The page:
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Is life insurance with living benefits right for you?

Did you know some life insurance policies offer living benefits you can actually use while you're still alive? From cash value to optional riders, here's what to know.

Life insurance companies long ago determined their product was sometimes hard to sell to people who would never reap its main reward: a death benefit for the insured’s survivors after they pass away.

Over time, carriers made their policies more desirable by adding “living benefits.” These are features the policy owner may find useful while they are still alive; hence the term “living benefit.”

These benefits are so prevalent, it’s doubtful you’ll ever be sold an individual life insurance policy that doesn’t offer built-in and/or optional living benefits.

Here is an overview of the more common examples.

Cash value life insurance

The living benefit life insurance companies market the most is cash value.

Cash value is available on some types of permanent life insurance, such as whole life or universal life. Term life insurance does not have a cash value component.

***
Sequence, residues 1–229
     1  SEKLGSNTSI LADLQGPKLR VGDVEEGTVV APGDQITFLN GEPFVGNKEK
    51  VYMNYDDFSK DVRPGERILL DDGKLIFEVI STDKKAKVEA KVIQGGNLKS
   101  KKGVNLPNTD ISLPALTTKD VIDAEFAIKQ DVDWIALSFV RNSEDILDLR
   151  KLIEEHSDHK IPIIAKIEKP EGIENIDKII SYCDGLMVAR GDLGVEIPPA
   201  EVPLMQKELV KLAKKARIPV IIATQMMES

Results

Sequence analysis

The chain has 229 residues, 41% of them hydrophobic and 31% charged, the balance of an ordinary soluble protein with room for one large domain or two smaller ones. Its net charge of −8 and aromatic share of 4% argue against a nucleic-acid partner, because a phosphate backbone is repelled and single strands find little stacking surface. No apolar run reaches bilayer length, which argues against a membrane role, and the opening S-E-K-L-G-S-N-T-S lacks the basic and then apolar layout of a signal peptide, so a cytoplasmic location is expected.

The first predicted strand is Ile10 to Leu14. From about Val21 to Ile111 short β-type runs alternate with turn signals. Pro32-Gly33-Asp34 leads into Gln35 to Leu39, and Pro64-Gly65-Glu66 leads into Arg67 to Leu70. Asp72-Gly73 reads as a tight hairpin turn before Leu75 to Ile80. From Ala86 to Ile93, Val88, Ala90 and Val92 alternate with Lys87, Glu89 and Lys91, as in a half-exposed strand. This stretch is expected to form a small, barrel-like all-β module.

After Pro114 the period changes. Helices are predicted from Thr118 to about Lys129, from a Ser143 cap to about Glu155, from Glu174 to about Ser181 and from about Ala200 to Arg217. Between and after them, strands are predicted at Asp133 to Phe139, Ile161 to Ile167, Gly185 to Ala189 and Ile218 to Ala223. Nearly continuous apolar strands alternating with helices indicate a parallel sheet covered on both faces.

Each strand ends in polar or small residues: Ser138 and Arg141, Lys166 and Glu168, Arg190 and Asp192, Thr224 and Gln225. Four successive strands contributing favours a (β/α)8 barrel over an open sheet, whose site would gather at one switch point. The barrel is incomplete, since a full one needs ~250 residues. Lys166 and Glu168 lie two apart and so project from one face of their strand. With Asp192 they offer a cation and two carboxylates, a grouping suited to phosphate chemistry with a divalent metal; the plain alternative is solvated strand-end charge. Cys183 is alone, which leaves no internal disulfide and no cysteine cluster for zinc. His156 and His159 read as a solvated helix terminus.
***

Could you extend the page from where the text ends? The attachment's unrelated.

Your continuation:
Unlike term life insurance, permanent life does not expire. You can maintain the coverage as long as you pay the required premiums.

With permanent life insurance, each premium payment covers fees and charges for providing the insurance. When payments are more than is required to cover those charges, the extra is moved into an account that earns interest. This is the cash value of a policy.

Cash value can be loaned to or withdrawn by policyholders. Life insurers often market this benefit as an extra savings account, college fund, or retirement fund.

Living benefits designed for health conditions

Other than cash value, most life insurance living benefits are designed to provide coverage for serious health issues.

Many of these living benefits will provide you a portion of your death benefit if certain health circumstances occur.

Unlike cash value, these benefits are available on term life insurance as well as on permanent policies.

Examples of these benefits include: